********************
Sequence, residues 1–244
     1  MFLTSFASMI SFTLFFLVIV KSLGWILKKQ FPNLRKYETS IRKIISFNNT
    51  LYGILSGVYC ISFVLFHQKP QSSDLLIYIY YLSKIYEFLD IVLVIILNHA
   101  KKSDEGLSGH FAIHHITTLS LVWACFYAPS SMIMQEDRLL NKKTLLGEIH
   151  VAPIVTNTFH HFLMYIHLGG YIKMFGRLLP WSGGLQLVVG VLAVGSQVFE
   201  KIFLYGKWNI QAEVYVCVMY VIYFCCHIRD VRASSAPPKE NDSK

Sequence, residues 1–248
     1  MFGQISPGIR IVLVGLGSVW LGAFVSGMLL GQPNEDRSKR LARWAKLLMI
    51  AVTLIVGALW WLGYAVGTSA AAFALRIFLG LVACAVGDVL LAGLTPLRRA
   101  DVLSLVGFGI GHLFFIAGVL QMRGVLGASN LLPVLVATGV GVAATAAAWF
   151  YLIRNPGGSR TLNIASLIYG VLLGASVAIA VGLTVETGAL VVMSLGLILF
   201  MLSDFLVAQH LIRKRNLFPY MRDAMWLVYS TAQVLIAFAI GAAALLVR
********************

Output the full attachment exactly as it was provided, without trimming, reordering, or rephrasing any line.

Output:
Sequence, residues 1–244
     1  MFLTSFASMI SFTLFFLVIV KSLGWILKKQ FPNLRKYETS IRKIISFNNT
    51  LYGILSGVYC ISFVLFHQKP QSSDLLIYIY YLSKIYEFLD IVLVIILNHA
   101  KKSDEGLSGH FAIHHITTLS LVWACFYAPS SMIMQEDRLL NKKTLLGEIH
   151  VAPIVTNTFH HFLMYIHLGG YIKMFGRLLP WSGGLQLVVG VLAVGSQVFE
   201  KIFLYGKWNI QAEVYVCVMY VIYFCCHIRD VRASSAPPKE NDSK

Sequence, residues 1–248
     1  MFGQISPGIR IVLVGLGSVW LGAFVSGMLL GQPNEDRSKR LARWAKLLMI
    51  AVTLIVGALW WLGYAVGTSA AAFALRIFLG LVACAVGDVL LAGLTPLRRA
   101  DVLSLVGFGI GHLFFIAGVL QMRGVLGASN LLPVLVATGV GVAATAAAWF
   151  YLIRNPGGSR TLNIASLIYG VLLGASVAIA VGLTVETGAL VVMSLGLILF
   201  MLSDFLVAQH LIRKRNLFPY MRDAMWLVYS TAQVLIAFAI GAAALLVR